provide the public with access to public records which will enable citizens to observe and monitor state government. 29 Del. C. § 10001. Public records are defined in 29 Del. C. § 10002(d) as information of any kind relating to public business which is stored, recorded or reproduced. Further, public records must be "open to inspection and copying by any citizen of the State." 29 Del. C. § 10003(a).
There are statutory exemptions to public disclosure under FOIA which may appear to be applicable to the sworn payroll information. Twenty-nine Del. C. § 10002(d)(6) provides that "[a]ny records specifically exempted from public disclosure by statute or common law" are not subject to disclosure under FOIA. Id. However, this office is not aware of any statutory or common law privilege which may exempt the sworn payroll information from public disclosure. Under 29 Del. C. § 10002(d)(1), public records do not include:
Any personnel, medical or pupil file, the disclosure of which would constitute an invasion of personal privacy, under this legislation or under any State or federal law as it relates to personal privacy.
The purpose of this exemption is to protect personal privacy. Del. Solid Waste Authority v. News-Journal, Del. Supr., 480 A.2d 628, 631 (1984). Interpreting the personal privacy exemption in a statute similar to the Delaware FOIA, the Connecticut Supreme Court ruled that the test for public disclosure is whether the information sought is "highly offensive to the ordinary reasonable person" and whether the information is truly "not of legitimate concern to the public." Perkins v. Freedom of Information Comm'n, Conn. Supr., 635 A.2d 783, 790 (1993)(citing Restatement (Second) of Torts § 652D).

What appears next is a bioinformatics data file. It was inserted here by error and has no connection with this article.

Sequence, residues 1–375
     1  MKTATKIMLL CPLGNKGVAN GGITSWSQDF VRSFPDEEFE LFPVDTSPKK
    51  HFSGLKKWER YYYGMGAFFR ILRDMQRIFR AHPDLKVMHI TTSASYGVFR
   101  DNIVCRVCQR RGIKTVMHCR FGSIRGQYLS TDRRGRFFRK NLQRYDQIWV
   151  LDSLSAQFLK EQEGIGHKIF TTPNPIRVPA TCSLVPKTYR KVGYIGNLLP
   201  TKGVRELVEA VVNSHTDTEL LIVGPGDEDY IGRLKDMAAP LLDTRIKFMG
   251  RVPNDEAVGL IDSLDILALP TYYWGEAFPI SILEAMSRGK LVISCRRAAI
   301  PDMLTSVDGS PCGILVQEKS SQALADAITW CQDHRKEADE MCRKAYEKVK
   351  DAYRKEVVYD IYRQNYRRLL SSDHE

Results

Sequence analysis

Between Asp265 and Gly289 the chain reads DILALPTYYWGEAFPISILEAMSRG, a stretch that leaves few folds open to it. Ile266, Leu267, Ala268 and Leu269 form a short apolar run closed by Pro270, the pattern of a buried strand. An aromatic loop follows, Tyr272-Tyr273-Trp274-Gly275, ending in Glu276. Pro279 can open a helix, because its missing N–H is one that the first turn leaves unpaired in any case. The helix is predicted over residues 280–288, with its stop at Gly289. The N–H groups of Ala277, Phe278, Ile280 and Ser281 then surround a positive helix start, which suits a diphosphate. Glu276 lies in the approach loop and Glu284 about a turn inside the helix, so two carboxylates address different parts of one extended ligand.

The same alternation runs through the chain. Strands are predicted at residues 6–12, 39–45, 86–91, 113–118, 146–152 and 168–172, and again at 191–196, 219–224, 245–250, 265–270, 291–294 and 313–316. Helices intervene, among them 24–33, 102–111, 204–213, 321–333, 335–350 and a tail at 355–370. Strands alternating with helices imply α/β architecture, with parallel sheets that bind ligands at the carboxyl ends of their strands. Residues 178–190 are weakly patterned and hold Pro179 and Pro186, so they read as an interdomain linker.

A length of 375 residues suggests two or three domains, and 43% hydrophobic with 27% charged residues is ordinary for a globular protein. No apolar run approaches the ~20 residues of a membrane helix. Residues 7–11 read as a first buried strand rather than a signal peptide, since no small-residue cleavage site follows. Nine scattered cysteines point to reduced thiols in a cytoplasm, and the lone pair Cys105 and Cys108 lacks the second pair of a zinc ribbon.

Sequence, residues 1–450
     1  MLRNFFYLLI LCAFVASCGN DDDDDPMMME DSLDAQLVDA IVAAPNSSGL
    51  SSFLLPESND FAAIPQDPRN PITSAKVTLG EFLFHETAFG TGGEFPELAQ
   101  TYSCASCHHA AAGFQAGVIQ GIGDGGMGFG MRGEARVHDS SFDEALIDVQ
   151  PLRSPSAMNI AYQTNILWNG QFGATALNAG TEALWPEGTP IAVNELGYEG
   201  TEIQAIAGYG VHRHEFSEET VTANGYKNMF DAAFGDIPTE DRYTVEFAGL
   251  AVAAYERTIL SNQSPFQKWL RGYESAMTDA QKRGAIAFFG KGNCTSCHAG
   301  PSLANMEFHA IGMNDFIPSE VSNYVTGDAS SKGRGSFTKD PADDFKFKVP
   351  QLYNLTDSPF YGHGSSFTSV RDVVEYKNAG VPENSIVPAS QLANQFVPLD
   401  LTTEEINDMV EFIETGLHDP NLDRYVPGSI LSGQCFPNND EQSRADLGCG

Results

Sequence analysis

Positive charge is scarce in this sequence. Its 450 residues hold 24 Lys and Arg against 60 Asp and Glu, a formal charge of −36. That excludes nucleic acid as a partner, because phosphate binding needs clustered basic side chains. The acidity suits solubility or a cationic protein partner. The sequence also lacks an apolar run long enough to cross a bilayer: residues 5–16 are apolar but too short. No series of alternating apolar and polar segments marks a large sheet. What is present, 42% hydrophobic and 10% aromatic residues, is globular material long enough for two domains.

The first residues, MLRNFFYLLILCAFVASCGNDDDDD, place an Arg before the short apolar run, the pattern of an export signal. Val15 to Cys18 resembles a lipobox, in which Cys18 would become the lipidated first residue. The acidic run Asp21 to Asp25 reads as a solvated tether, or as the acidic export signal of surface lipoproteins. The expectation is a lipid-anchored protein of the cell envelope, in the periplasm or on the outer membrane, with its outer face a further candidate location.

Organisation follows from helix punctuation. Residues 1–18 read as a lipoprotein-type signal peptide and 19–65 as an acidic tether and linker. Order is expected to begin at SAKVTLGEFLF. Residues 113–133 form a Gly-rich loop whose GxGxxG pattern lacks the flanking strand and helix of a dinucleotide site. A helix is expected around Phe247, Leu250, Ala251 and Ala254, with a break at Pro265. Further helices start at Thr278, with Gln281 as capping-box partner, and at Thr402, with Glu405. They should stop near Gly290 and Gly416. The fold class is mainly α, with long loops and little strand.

When the Delaware prevailing wage law is silent on an issue, it is appropriate to consult federal law interpreting its purposes and policy. Attorney General Opinion No. 80-I023 (July 9, 1980). The Davis-Bacon Act, 40 U.S.C. § 276(a), requires that laborers and mechanics be paid prevailing wages on federal construction projects. Each contractor and subcontractor on a federal construction project is required under the Davis-Bacon Act to submit a weekly statement regarding wages paid to each employee to the United States Secretary of Labor. 40 U.S.C. § 276(c). In Hopkins v. United States Department of Housing and Urban Development, 929 F.2d 81 (2d Cir. 1991), a union working on government construction projects requested copies of records prepared by HUD used to enforce the prevailing wage provisions of the Davis-Bacon Act. The court employed a balancing test and considered the privacy interest of the individuals versus the public interest in enforcing the prevailing wage laws and concluded that the enforcement of the prevailing wage laws outweighed the employees' privacy interest in restricting the dissemination of their names, addresses and other wage information. The union made its